It’s a major logistical operation just to get to Alert. The C-17 Globemaster is a flying warehouse with a primeval, bestial look: Its stripped-down, belly-of-the-whale interior can fit helicopters and the occasional tank alongside camouflaged troops and their bulky gear. On this trip, the wide-open cabin of the RCAF transport is dominated by a massive all-terrain Sno-Cat and pallets of supplies that are the lifeline for Alert, the distant destination for a gathering of sleep-deprived passengers.
At 5 in the morning, the speedy Globemaster surges forward, leaving behind CFB Trenton and the sheltered bays of Lake Ontario.
For the next six hours, outdistancing daylight, we head north to the top of Canada.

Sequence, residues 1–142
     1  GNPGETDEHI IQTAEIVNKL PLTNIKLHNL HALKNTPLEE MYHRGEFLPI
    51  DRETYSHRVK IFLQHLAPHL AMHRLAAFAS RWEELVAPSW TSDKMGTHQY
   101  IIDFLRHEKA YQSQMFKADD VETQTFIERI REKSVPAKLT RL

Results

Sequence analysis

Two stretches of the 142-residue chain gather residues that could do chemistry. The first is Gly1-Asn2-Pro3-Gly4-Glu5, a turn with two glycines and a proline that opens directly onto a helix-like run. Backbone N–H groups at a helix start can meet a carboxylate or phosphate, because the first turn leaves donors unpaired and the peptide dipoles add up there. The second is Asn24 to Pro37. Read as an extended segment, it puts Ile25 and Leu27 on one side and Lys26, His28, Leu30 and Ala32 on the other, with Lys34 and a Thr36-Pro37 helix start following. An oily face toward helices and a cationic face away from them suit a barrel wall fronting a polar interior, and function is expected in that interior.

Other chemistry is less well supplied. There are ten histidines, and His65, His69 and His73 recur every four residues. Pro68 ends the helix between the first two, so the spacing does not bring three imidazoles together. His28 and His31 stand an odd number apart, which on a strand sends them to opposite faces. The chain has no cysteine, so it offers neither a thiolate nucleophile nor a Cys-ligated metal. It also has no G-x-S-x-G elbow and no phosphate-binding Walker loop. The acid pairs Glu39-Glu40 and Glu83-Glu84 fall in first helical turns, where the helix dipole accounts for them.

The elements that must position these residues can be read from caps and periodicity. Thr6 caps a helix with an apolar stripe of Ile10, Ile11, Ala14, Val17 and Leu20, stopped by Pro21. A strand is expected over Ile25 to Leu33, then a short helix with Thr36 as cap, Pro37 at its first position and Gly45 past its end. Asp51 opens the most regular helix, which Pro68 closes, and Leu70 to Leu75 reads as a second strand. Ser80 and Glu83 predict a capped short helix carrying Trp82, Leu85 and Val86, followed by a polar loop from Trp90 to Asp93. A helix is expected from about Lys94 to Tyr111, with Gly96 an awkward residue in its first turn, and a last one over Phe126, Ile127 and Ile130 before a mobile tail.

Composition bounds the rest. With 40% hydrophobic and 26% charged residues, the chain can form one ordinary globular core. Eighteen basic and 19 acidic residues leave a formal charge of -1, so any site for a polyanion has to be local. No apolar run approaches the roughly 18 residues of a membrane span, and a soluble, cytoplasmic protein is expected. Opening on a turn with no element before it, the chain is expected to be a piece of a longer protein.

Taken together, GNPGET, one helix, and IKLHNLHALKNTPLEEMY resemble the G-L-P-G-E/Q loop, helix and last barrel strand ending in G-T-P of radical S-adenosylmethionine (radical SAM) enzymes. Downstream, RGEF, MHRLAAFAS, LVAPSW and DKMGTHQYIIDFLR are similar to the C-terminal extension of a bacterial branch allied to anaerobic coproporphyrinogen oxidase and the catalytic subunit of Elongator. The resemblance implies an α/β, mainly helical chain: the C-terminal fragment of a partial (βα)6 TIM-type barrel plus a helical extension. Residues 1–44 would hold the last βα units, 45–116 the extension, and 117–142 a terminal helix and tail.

On this occasion, Alert is also the destination of the Governor-General of Canada, David Johnston.
He will preside over a change of command at the station – military postings in this otherworldly location are limited to six months. In honour of the Governor-General and his entourage, the door on one of the two portable toilets prominently positioned at the front of the Globemaster’s seating area is quickly inscribed with the letters VIP.
Adjacent to the toilets is a reminder of an environment that’s indifferent to status: a secured pile of kitbags full of Arctic survival gear in case we suddenly have to confront the Far North’s reality check.
Supply transports carrying passengers and perishables arrive at Alert weekly, but during the spring and fall operations when most of the station’s bulk supplies and fuel are delivered, traffic at the tiny airfield on the edge of the Arctic Ocean is non-stop. Even routine trips turn risky in Alert’s idiosyncratic conditions. “Things can change just like that,” said Pte. Erica Thomson, a meteorological technician based in Gagetown, N.B. “It can be a nice, calm day here and then 10 minutes later a low cloud comes in and you can’t see the runway.”